Storm Mountain

Elevation: 3161 m
Elevation Gain: 1500 m
George Dawson had a high affinity for the name “Storm Mountain” (and apparently poor luck with weather). Dawson is alleged to have named Storm Mountain after observing inclement clouds on its summit during his time in the area in 1884. The same man is also responsible for naming the Storm Mountain located in Kananaskis Country for the same reason during the same year. Regardless of Dawson’s lack of creativity, both Storm Mountains are stunning peaks – it seems unfortunate that Dawson’s view of them may have been obstructed by poor weather! This particular Storm Mountain was first ascended in 1889 by W.S. Drewry, A. St. Cyr and Tom Wilson.
My Ascents:
August 14 2011

Although Storm Mountain is stunning from both Highway #1 and Highway #93 South, I was never particularly tempted to make my way up it based on the route description provided by Kane. What can I say? Hours of log hopping and bushwhacking in prime grizzly territory followed by a steep treadmill of scree didn’t sound all that appealing! Fortunately for me, Roland was more keen on this objective and suggested it as a last minute trip. I wasn’t certain how enthusiastic I was to take on a big objective (1500 vertical meters) like this 2 days before Brianne and I were supposed to back-pack the long 29 km into Mount Assiniboine and 1 day after a quick outing up Paget Peak but, in the end, the little peak-bagging devil on my left shoulder won out over the little voice of reason on my right shoulder (as he often does). Luckily, in researching the trip, Roland had come across Vern Dewit’s trip report and, thanks to the “faint trail” Vern describes, the log-hopping approach was made somewhat more tolerable!

"Rugged going" (as Kane puts it) for the first distance across the old Vermillion burn. Basically good times hopping logs for the first hour. The “faint trail” that Vern Dewit describes is just that – faint. I’m not certain that the trail really makes the log-hopping any easier but at least it provides a sense of direction and purpose on an ascent that would, otherwise, be tedious.

No more vegetation from here on in. Steep walls on all sides once you enter the amphitheater.

The steep ascent route, complete with "laborious scree" (once again, Kane doesn’t really sell this one all that hard). Truth be told, the scree wasn’t the treadmill variety that I had feared on the way up. In fact, it was actually quite solid. While this made the ascent more pleasant than anticipated, there was, nevertheless, a downside – the knee-jarring descent.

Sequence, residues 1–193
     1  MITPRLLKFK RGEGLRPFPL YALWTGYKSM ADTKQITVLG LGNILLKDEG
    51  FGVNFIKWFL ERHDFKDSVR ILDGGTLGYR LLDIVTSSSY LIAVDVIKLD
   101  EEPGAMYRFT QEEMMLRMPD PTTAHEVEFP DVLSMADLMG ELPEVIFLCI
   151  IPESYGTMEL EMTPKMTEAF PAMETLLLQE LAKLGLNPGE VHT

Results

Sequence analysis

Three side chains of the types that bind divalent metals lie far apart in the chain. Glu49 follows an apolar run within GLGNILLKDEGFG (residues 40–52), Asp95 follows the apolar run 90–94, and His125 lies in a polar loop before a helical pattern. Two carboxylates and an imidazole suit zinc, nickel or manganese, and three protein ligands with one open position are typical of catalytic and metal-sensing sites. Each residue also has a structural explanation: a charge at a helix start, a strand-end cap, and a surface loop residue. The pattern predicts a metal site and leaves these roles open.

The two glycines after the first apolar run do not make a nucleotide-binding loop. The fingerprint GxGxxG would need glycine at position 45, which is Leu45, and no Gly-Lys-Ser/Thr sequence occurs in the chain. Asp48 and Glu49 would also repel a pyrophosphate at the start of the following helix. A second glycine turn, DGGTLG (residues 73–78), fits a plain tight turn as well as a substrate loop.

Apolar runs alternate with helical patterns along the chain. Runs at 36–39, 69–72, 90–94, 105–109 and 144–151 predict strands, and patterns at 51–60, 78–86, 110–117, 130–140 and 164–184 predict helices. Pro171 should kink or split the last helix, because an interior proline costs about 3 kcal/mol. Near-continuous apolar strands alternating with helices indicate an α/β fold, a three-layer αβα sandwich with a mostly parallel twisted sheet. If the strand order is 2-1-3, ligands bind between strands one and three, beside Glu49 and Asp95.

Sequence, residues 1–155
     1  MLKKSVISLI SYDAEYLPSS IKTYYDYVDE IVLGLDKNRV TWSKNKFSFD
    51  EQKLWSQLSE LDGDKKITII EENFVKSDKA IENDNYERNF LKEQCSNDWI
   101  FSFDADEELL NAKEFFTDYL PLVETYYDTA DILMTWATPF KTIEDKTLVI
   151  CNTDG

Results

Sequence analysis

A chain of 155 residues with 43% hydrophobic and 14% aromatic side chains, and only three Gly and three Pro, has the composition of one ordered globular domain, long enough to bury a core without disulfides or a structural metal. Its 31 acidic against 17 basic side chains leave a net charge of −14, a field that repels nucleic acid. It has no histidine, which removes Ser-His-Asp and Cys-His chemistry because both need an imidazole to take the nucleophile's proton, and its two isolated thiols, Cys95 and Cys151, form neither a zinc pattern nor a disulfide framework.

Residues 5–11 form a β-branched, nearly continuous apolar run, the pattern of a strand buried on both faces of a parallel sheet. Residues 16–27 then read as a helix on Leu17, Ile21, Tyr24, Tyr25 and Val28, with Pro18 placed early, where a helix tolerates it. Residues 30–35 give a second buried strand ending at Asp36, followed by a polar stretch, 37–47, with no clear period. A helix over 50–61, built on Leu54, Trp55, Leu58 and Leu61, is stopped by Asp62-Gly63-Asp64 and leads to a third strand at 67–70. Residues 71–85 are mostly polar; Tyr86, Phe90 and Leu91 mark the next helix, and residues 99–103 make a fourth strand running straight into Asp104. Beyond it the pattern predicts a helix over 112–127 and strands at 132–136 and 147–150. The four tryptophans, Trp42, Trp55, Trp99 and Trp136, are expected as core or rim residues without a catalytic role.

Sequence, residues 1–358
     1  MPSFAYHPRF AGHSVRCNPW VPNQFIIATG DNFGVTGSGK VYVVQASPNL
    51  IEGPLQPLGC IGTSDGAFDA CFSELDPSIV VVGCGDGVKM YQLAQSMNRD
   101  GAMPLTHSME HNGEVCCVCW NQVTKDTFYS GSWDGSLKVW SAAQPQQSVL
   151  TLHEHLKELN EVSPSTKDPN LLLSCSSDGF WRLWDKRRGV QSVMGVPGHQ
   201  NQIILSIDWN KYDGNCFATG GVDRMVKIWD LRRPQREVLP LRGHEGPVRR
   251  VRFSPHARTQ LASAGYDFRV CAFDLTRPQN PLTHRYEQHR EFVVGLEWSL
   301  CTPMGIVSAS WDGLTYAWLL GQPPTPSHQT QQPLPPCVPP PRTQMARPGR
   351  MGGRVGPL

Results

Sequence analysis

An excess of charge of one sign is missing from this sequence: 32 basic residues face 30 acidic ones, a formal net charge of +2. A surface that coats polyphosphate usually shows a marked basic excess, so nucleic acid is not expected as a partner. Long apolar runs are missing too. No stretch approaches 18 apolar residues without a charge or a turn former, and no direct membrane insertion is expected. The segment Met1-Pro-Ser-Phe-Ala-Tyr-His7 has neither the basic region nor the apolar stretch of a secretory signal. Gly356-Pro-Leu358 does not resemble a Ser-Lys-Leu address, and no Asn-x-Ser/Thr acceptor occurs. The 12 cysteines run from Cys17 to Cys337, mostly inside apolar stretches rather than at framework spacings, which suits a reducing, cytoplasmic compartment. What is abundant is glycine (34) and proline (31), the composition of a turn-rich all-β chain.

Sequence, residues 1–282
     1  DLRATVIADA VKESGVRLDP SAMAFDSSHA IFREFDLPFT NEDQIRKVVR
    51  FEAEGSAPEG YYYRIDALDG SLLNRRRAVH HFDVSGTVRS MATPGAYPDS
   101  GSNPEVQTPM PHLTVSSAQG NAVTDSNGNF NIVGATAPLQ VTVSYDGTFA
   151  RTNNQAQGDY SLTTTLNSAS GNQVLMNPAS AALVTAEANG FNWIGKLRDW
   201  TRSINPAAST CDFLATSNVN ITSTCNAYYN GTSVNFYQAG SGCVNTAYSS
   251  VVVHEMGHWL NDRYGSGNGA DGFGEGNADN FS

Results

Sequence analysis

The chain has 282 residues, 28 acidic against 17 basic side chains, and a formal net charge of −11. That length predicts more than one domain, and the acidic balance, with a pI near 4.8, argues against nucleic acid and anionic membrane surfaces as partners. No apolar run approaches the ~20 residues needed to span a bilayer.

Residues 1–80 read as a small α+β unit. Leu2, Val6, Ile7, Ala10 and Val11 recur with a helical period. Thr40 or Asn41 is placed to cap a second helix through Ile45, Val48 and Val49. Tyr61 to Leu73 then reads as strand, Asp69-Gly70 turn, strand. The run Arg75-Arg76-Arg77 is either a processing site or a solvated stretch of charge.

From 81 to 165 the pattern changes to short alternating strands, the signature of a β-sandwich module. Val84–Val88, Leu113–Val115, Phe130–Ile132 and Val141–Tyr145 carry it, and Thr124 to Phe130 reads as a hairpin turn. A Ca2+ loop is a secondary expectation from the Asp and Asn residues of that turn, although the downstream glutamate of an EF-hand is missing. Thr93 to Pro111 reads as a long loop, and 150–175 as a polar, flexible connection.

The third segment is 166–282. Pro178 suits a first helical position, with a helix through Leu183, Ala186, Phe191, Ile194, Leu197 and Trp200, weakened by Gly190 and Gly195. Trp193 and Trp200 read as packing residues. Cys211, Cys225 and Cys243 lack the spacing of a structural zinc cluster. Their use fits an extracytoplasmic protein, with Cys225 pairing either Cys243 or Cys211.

A tarn is revealed in a cirque to the north as elevation is tediously gained.

Roland near the top of the scree ledge where several different gullies provide the most interesting scrambling of the day.

After about 800 vertical meters of scree, the angle did finally relent granting a pleasant walk to the top along the mildly angled broad summit plateau.

A spectacular view of Mount Ball's north face from the summit of Storm Mountain!

The awesome cornices atop Storm Mountain can often be seen from the Trans-Canada highway below (beyond Copper Mountain below).

Roland enjoying the view, including a distant Mount Assiniboine.

Massive Mount Assiniboine dwarfing everything in its vicinty.

My 31st summit of the year is one of the most scenic yet! Copper Mountain, Pilot Mountain and Mount Brett over the Bow Valley to the east.

Mount Rundle rising up from behind the difficult summit block of Pilot Mountain.

Cascade Mountain: the other classic Banff peak.

Looking east to the front ranges. Mount Aylmer is the highest shady peak on the left.

Mount Sparrowhawk, Mount Bogart and Old Goat Mountain pierce the horizon in Kananaskis Country.

A very distant 11,000er: Mount Joffre shows its glaciated face beyond The Towers.

The usual summit hero pose.

Beautiful glacier panorama along the continental divide. Mount Ball on the left and Stanley Peak on the right. Click to see larger.

The Stanley Glacier clinging to the steep north face of Stanley Peak.

Thanks to excellent visibility, we could see as far as the Howser Spire - the higest point in BC's Bugaboo Range.

Gorgeous Mount Ball.

Looking south towards the Egypt Lakes area.

The Goodsir Towers (left) and Mount Vaux (center) to the west beyond reddish Mount Whymper.

11,000ers Mount Deltaform, Mount Hungabee and, of course, Mount Temple provide highlights to the northwest.

Mount Lefroy (left) and Temple (right).

The Icefields Parkway to the north: Hector Lake, Bow Peak, the Dolomites and Mount Hector.

The Castle Mountain massif across the Bow Valley.

Close-up of Castle Mountain and the Eisenhower Tower.

From the Icefields Parkway to Castle Mountain to Banff to Kananaskis to Kootenay National Park to the Bugaboos to the Goodsirs to Lake Louise, Storm Mountain is well situated for getting a full view of the Canadian Rockies/Purcells! Click to see larger.

The other 180 degrees. Click to see larger.

We coordinated our poses ahead of time. Actually, I think we were both just cold.

Time to head down! Mind the cornice...

Typical knee-destroying hard scree on descent. Can you spot the tiny chemistry professor?

Alleviating the toil on the bothersome scree by glissading.

The house sized boulder that Kane describes in the amphitheater. Not sure how we missed it on ascent! Professor shown for scale.

The classic highway view of Storm Mountain from near Castle Junction. This peak’s not half as bad as Kane’s route description makes it sound! It’s also very well-situated to see peaks all over the Rockies (and Purcells)! On a clear day, you might even find yourself enjoying this peak; I certainly did!